Margaret Cho no longer goes out.
While that sentence might seem unsurprising for life during a pandemic, Cho’s decision – and her fear – did not stem from the virus. Or, at least, not directly.
“I’m not leaving,” the longtime comedian and actor said in an interview from his home in Los Angeles. “I’m an older Asian-American woman. So it’s like – all the things that I see every day, it’s really us who are being attacked.”
Cho was referring both to last month’s shooting at several Atlanta-area spas in which eight people – including six Asian women – were killed, as well as a recent spike in anti-Asian racism and violence. .
As a result, she says she weighs the risks of going out in public: she wonders if she’s ready to document any attack she might experience and if she thinks she wants – or should – defend herself.
“It’s a very real threat,” Cho said. “So it’s very strange to actually ask yourself, like, ‘Oh, it’s cloudy with a risk of racism.'”
WATCH | Review of anti-Asian racism in the media:
His fears are not isolated. In one recent Statistics Canada surveyChinese, Korean and Southeast Asian respondents were the most likely to have experienced more cases of harassment or attacks because of their race since the start of the COVID-19 pandemic.
Meanwhile, analysis According to the Center for the Study of Hate and Extremism at California State University, hate crimes against Asian Americans increased by almost 150% in 2020, despite an overall decline in such crimes.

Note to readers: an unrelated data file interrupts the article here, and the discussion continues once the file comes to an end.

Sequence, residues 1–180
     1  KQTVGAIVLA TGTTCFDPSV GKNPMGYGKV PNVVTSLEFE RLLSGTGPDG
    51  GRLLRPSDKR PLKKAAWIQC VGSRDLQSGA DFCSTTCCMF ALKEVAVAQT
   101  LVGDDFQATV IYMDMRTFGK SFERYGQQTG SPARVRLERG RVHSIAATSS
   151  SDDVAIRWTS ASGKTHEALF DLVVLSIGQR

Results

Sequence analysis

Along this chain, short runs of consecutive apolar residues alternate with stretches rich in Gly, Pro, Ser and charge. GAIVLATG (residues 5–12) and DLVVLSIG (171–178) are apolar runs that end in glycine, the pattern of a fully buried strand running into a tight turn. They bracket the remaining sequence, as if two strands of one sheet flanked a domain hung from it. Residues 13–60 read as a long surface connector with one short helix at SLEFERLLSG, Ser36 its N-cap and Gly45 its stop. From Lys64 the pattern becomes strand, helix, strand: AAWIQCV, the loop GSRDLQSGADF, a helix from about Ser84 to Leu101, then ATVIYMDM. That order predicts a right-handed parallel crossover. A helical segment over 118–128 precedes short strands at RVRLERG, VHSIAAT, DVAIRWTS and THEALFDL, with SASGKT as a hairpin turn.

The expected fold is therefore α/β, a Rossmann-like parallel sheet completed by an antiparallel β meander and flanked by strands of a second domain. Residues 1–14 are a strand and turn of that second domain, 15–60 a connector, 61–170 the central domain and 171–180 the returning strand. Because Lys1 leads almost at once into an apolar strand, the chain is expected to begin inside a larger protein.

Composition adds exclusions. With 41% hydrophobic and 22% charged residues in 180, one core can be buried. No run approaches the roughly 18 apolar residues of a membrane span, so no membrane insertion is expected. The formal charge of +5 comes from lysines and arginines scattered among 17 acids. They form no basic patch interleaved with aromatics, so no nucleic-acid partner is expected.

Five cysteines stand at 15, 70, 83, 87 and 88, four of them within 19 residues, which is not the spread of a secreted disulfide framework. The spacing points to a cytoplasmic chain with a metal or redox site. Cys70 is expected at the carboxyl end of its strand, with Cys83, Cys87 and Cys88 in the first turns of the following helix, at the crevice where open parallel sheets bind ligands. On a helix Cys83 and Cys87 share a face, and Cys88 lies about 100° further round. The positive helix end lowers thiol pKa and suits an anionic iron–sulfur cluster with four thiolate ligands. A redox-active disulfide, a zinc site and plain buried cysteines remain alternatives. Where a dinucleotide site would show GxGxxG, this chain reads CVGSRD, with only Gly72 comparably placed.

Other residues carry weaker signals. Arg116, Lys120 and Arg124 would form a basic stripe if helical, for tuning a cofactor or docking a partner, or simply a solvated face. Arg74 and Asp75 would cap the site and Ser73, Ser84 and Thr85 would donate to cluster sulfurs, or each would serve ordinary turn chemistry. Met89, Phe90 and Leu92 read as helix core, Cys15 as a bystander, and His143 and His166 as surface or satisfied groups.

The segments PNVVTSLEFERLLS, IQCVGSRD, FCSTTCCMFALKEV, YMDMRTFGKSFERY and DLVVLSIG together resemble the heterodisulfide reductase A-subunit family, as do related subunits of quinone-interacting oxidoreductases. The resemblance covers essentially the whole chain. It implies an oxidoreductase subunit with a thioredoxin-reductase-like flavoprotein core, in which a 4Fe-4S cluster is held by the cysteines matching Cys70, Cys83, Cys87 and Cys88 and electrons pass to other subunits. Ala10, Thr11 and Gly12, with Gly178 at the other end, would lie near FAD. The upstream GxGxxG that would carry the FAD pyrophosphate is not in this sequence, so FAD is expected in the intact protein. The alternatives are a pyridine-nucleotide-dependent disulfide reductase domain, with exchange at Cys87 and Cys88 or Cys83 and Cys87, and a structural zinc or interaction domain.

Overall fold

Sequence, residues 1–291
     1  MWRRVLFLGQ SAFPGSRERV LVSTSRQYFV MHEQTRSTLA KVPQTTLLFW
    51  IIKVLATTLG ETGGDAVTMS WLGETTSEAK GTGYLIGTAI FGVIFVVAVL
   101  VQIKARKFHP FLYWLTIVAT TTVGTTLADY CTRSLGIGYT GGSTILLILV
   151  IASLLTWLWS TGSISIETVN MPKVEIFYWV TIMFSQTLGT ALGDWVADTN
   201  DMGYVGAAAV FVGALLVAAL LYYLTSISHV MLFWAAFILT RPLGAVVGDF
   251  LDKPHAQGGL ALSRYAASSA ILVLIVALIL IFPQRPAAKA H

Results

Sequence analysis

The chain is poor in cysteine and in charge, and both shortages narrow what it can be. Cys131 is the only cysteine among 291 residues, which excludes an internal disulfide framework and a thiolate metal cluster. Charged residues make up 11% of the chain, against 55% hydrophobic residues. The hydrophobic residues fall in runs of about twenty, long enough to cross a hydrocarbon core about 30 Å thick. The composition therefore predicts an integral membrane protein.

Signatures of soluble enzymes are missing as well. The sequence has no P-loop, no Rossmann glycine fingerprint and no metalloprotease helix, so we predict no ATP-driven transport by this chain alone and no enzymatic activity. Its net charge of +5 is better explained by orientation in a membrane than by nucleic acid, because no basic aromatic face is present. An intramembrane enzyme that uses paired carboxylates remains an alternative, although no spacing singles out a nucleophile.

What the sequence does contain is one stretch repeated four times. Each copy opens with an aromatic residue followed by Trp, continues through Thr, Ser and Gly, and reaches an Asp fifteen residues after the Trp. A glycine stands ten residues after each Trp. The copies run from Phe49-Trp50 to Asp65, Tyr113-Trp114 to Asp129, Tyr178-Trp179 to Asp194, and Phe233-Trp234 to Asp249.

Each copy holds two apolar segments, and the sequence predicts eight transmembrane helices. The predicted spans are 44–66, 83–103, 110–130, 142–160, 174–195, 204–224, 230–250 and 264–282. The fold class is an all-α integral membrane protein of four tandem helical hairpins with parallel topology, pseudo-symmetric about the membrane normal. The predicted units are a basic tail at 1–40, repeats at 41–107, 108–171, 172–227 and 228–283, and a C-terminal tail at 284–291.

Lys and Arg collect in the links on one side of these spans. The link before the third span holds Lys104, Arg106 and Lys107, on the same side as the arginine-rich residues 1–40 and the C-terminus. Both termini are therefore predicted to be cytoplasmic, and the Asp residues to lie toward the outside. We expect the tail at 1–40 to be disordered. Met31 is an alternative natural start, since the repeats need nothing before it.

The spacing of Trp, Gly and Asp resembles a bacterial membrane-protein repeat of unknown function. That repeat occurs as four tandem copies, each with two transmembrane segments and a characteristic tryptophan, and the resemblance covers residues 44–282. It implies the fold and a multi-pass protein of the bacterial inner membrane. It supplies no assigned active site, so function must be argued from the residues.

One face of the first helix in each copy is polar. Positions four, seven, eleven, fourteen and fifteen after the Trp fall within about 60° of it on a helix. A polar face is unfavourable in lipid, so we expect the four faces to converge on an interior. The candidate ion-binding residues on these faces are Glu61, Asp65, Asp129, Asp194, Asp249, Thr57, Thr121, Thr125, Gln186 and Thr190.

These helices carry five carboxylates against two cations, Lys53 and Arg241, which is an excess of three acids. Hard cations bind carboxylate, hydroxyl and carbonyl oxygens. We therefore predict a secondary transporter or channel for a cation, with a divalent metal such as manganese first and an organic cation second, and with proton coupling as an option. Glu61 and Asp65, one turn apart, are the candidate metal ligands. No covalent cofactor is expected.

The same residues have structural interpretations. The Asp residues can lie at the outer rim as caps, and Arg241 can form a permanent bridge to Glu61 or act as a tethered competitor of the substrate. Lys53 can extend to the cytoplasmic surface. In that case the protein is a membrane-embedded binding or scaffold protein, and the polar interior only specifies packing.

Indeed, the three women interviewed for this story expressed their fear of going out specifically because of the rise in attacks on Asian women. And all three indicated a probable culprit.
“Invisibility is the problem,” Cho said.
She was referring to how realistic depictions of Asian people, especially Asian women, are excluded from pop culture. Instead, they’re replaced with overly sexualized caricatures, she said.
Cho says the lack of authentic representations of Asian people in popular culture has contributed to the sexual objectification of Asian women. For centuries, she says, “the characterization of Asia has been used in a way as a form of dehumanization.”
This pattern, according to Cho and others, has real-world implications. For example, Robert Aaron Long, 21, the man charged with eight counts of murder in connection with the Atlanta shooting reportedly told police the attack was not a hate crime but rather stemmed from his “sex addiction”.
The hypersexualization of Asian women is not new, Cho said, and in fact directly contributes to the violence perpetrated against them. Hollywood and the television industry have a history of portraying Asian women as sex objects, one-dimensional “model minorities,” or not at all, Cho said.
“We have gone from invisible to untouchable,” she said. “And these two combinations add to a dehumanizing effect, because we’re either superhuman or we’re not.”
A story of hypersexualization
Filmmaker Celine Parreñas Shimizu has been looking at this trend for years. In his book The hypersexuality of the race, she documented how the trend of “subservient, suffering, tiny” Asian women took root in early mass culture through Madame Chrysanthemum and Madame Butterfly.